It's time for President Obama to ready his veto pen.
Obama has only vetoed two bills during his tenure. By contrast, George W. Bush vetoed 12, Bill Clinton vetoed 37, George H.W. Bush vetoed 44 and Ronald Reagan vetoed 78. Harry S. Truman vetoed 250!
Things will look different by the end of Obama's term. The big question is: How different? Will the president veto only the most extreme measures, or will he act aggressively to veto destructive measures disguised as "reasonable," or hidden away in "must-pass" spending and other bills?
Faced with a hostile McConnell-Boehner Congress, the president has indicated that he will oppose and veto measures that threaten core elements of his agenda. To his credit, he has signaled that he will veto the Keystone XL legislation. And he told NPR, "I suspect there are going to be some times where I've got to pull that [veto] pen out. And I'm going to defend gains that we've made in health care; I'm going to defend gains that we've made on environment and clean air and clean water."
The U.S. House of Representatives will continue to pass legislation to repeal the Affordable Care Act and Dodd-Frank and the like. Most of those measures won't be able to overcome a Democratic filibuster in the Senate. Those that do, the president will surely veto.
But that's not where the game is.
Much more important is the real agenda of the U.S. Chamber of Commerce and Big Business. The Chamber invested very heavily in the 2014 elections, to defeat populist-minded tea party candidates somewhat independent of Big Business control in primaries, and to elect corporate-minded Republicans in the general election. The Chamber did very well. Now it intends to obtain the return on its investment -- not just with symbolic efforts like bills to repeal the Affordable Care Act, but measures that become law.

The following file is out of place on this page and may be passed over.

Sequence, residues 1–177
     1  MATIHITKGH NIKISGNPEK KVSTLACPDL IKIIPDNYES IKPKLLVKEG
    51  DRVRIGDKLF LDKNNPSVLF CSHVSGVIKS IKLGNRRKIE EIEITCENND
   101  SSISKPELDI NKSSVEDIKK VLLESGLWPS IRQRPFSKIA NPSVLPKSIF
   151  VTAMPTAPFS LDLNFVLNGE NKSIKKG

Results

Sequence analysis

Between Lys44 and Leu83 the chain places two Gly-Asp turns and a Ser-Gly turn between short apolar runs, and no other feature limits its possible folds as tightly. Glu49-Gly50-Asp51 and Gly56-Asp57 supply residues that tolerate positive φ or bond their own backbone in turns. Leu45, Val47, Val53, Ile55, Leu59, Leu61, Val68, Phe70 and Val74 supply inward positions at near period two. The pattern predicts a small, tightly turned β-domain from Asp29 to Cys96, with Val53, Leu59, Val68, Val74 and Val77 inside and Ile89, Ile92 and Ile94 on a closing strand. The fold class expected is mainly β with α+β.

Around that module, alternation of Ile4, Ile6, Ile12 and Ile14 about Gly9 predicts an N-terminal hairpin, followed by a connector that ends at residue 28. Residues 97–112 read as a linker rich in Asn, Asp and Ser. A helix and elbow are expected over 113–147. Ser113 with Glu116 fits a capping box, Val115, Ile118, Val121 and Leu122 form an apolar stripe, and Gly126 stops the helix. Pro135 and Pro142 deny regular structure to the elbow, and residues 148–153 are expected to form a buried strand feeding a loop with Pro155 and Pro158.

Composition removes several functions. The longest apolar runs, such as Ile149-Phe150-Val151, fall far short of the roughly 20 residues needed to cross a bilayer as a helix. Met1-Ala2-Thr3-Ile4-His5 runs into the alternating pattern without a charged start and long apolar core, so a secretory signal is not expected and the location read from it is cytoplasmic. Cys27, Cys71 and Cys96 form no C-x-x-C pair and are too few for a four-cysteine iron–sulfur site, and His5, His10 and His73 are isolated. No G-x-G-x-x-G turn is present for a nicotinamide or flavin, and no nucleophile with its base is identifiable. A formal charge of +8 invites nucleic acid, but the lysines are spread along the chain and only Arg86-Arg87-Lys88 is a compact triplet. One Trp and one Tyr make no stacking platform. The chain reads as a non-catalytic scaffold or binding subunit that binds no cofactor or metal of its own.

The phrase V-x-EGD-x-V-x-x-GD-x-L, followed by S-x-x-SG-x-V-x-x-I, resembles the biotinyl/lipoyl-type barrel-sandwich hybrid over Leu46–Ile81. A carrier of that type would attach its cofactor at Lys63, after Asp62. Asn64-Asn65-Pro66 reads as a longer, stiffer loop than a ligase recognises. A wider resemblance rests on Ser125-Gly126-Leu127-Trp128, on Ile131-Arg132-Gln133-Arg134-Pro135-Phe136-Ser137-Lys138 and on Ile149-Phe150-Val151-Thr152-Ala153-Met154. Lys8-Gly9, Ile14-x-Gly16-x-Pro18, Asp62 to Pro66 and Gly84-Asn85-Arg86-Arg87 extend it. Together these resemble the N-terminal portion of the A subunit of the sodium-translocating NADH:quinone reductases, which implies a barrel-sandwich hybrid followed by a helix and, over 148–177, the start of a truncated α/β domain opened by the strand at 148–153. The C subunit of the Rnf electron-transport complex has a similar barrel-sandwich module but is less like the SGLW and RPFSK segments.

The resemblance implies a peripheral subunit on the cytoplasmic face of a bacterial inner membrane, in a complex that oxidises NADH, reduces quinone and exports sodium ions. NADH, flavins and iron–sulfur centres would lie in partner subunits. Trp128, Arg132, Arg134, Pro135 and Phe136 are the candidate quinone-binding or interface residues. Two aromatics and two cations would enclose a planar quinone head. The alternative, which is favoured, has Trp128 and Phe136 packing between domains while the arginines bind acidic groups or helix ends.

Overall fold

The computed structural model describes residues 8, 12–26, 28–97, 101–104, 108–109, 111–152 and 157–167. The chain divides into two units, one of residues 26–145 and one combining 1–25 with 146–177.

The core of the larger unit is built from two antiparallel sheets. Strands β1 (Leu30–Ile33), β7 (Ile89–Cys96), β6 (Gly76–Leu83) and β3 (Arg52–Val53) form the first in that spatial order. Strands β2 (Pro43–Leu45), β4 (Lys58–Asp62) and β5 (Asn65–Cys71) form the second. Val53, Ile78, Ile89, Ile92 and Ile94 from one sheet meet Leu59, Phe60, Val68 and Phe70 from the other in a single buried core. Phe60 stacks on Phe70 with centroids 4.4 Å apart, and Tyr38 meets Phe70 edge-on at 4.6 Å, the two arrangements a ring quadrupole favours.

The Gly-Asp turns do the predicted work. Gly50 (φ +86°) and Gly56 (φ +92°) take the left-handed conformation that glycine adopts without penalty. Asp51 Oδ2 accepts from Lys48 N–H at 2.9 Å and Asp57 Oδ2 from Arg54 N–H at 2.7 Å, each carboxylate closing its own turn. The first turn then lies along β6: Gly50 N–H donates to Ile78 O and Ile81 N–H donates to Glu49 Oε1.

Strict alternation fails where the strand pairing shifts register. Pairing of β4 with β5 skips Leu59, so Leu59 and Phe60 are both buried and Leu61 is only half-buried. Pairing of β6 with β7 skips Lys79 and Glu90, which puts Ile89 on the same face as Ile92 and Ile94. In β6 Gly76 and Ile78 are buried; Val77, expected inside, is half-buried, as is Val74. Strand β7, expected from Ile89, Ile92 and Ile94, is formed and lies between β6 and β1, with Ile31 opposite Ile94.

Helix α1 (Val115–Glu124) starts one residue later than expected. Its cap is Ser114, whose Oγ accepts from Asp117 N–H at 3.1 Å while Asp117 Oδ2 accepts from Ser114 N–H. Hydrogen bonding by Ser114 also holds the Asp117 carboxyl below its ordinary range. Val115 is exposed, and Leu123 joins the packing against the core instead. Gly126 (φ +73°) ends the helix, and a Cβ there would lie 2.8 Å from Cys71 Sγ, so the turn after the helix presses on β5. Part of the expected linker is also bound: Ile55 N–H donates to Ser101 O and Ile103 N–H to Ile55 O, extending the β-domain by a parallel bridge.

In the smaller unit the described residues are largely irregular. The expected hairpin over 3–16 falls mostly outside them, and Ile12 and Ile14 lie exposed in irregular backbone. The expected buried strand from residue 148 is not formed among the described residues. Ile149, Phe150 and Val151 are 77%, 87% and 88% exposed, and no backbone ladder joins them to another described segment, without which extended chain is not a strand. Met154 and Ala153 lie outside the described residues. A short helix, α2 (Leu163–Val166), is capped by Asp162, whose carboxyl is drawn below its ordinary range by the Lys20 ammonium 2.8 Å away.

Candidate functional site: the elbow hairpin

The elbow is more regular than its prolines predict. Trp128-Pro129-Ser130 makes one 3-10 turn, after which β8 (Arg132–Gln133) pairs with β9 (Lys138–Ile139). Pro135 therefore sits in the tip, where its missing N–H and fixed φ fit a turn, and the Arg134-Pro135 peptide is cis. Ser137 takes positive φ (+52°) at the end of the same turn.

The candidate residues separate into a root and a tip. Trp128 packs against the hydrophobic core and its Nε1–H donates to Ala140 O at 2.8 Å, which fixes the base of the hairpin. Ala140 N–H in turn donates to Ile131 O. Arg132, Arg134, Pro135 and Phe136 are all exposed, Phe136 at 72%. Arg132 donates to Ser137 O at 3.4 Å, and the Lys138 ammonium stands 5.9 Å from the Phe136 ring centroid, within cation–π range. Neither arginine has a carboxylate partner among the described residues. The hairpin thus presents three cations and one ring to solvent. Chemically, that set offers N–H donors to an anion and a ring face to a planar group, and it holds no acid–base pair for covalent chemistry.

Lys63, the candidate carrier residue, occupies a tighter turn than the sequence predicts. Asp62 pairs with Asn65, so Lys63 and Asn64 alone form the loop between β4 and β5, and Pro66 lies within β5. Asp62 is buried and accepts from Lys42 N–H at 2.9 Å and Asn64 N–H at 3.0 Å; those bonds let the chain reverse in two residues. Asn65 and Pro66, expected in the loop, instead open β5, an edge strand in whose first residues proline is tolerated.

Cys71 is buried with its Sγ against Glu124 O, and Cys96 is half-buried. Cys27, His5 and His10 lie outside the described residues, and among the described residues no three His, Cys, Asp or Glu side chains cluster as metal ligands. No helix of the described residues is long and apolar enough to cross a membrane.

The corporate game plan is to pass smaller bills that seem more "reasonable" and that are able to obtain enough support from business-friendly Democrats to win 60 votes in the Senate, the number needed to defeat a filibuster. They aim also to include corporate-friendly provisions in must-pass bills. And then they hope to win the support, or least acquiescence, of President Obama.
The proving ground for this strategy was the end-of-the-year 2014 "cromnibus" -- the spending bill that passed just before the new year. This bill included a grab bag of non-germane favors to Big Business and the super-rich: a significant rollback of what remains of campaign spending rules; the elimination of a key Dodd-Frank measure, drafted by Citigroup; authorization for private pension payment cuts; rolling back a key truck safety rule; and much more. The administration said it opposed many or most of these provisions, but it strongly lobbied for passage of the bill nonetheless.
There is of course room for compromise in Washington. The government must function. And no one gets everything they want in Washington, or in life.
But our government should not be in the business of helping giant corporations pollute more, rip off consumers more, offshore more jobs, pay even lower taxes than they do, obtain still more corporate welfare, more easily skirt health and safety protections or otherwise imperil and weaken the nation.
For every piece of legislation crossing his desk that would make America weaker, less safe, less just, less fair, dirtier, unhealthier and less secure -- well, the president should veto that.
As the new Congress begins its work and talk of bipartisanship and breaking gridlock reaches a fever pitch, now is the time to commit to basic principles. It is crucial that President Obama reject measures using the cloak of "bipartisanship" and the false patina of "reasonableness" -- code for not-quite-as-extremist -- to advance the interests of giant corporations and the super-rich, at the expense of regular Americans. It is vital that he commit to veto budgetary, appropriations and other "must pass" legislation that includes harmful riders.
When presented with measures, big or small, that injure the country, we need President Obama to say, "I'm going to veto that." Go to vetothat.org, and add your voice to those calling on him to do exactly that.